While Korean society has certainly become more accepting of differing sexual orientations over the last fifteen years, many elements of Korean society remain quite conservative, and open affirmations of homosexuality are rare. Nevertheless, gays and lesbians have equal rights and are protected by anti-discrimination law,[1] and two relatively high-profile asylum cases in recent years have resulted in gay men being granted asylum in Korea.

The first case involved an asylum seeker from Pakistan, a married attorney from Lahore with four children. He had been arrested and detained briefly in Pakistan, and had also been subjected to blackmail and intimidation by family members and people around him. His application for refugee status in Korea was rejected by the Ministry of Justice in June 2009 and the claimant then filed an appeal, which was heard by the Seoul Administrative Court.

The court found the claimant’s personal statement to be coherent and persuasive, and granted him asylum, concluding that if he were returned to Pakistan he would have a “high possibility of being persecuted by Muslims and the Pakistani government because he was gay”. The court explicitly explained that persecution could come from either the government itself or from private actors. In addition to the claimant’s testimony, the court’s conclusion was based largely on Country of Origin Information from foreign jurisdictions – specifically, a UK Border Agency report on Pakistan that said Pakistani police officers frequently blackmail homosexuals, as well as a Canadian Refugee and Immigration Committee report detailing instances of persecution of gays in Khyber and Lahore. The court also noted clauses in both Pakistani law and Islamic law criminalising homosexual behaviour.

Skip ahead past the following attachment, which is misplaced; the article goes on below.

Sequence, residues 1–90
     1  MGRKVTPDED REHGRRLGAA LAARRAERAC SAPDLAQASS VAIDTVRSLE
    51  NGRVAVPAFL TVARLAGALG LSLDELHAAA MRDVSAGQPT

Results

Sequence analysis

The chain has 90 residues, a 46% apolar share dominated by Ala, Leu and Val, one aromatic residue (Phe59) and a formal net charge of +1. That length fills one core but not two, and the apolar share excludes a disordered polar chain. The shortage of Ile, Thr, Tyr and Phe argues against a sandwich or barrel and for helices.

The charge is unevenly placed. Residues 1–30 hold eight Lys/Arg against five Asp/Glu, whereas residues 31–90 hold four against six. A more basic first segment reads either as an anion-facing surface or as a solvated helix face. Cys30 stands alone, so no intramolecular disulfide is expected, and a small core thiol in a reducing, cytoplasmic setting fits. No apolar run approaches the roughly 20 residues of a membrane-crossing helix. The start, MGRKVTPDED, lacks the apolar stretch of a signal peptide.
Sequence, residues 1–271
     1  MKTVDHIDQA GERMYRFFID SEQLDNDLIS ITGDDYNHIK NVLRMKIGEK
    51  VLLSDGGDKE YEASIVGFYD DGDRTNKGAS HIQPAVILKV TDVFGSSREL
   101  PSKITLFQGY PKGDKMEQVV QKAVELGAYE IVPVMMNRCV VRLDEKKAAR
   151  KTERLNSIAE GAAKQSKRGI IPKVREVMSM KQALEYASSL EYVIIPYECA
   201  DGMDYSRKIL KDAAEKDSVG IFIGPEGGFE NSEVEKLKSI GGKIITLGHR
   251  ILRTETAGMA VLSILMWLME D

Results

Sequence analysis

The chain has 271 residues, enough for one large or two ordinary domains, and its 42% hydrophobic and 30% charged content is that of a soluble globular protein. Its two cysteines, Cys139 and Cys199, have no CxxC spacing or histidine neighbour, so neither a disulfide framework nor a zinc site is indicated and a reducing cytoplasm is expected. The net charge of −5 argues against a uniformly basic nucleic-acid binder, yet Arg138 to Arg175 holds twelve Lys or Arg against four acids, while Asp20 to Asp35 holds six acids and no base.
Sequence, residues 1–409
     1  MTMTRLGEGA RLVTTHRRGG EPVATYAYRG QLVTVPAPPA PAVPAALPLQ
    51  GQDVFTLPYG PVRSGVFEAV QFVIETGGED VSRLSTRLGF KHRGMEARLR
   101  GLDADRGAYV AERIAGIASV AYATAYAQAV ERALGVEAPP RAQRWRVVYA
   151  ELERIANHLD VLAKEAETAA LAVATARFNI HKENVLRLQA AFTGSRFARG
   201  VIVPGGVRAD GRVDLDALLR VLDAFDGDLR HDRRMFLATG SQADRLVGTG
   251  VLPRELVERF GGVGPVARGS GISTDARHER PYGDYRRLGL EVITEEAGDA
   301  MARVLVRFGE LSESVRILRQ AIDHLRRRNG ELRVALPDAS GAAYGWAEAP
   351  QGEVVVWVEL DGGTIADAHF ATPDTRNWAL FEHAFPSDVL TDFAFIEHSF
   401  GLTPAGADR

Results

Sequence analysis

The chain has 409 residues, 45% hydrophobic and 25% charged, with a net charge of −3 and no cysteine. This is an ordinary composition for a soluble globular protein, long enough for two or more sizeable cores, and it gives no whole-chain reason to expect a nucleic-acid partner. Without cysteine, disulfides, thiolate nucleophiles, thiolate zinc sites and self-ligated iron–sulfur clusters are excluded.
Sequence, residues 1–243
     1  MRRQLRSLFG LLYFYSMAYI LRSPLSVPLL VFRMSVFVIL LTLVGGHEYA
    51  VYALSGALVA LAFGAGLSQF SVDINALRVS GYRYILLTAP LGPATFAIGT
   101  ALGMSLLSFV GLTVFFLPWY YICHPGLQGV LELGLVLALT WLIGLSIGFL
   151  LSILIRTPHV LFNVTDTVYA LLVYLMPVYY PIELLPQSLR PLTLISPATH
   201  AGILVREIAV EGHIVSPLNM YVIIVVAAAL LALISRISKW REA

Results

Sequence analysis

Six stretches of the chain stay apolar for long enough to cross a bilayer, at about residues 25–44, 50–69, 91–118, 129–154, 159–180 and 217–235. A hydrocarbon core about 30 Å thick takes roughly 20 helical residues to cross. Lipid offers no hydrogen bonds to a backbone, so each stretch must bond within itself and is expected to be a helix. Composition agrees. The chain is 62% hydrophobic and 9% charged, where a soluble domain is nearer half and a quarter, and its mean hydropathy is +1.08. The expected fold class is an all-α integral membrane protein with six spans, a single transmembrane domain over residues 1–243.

In 2011, another claim of sexual orientation-based persecution was presented to the same court by a Nigerian asylum seeker. Here the claimant stated (and the court accepted as credible) that the Nigerian government had rejected him from a government job because he was gay, and had denied him compensation when his house was demolished in an urban planning project because of his sexual orientation. When he protested at the lack of compensation, a group of people tried to attack him at his house. The Seoul Administrative Court ruled in favour of the appellant, basing its opinion largely on an analysis of Country of Origin Information compiled from foreign sources, including a Canadian Immigration and Refugee Board report, an Australian Refugee Appeal Tribunal research report, a US State Department human rights report, an Amnesty International report and others. The court also took into account the fact that Nigerian law criminalises homosexual relationships.

Taken together, these two cases show a distinct openness to allowing asylum based on sexual orientation. The court fully accepted the credibility of the claimant in each instance. In the case of the Pakistani asylum seeker, it even went out of its way to stress that the fact that the claimant was married and had children did not mean he was not gay, and that this was not unusual behaviour in the Pakistani context. The court also had no trouble locating Country of Origin Information from reputable sources that gave credence to the claimants’ fears of persecution.

The judges also declined to address other potential arguments that are sometimes used to deny asylum in other parts of the world. For example, neither ruling addressed the possibility that the claimant might be able to avoid persecution by living in a different part of his home country or by hiding his sexual orientation, although in the Nigerian claimant’s case the court did state that “if a person cannot express his sexuality due to the fear of being persecuted, it can be regarded as a sort of persecution”, thus implying that it would be inappropriate to return someone to a country where they could remain secure only by disguising their sexuality.

The importance of these two single cases to Korean refugee law should not be overstated. However, these decisions are significant in that they show that, despite being relatively new to refugee jurisprudence, the Korean judiciary is willing to grant asylum based on sexual orientation persecution to applicants coming from countries that are considered to be hostile to gays.

Andrew Wolman is Associate Professor, Graduate School of International and Area Studies, at the Hankuk University of Foreign Studies, Seoul, Korea.


[1] With the exception of men in the military.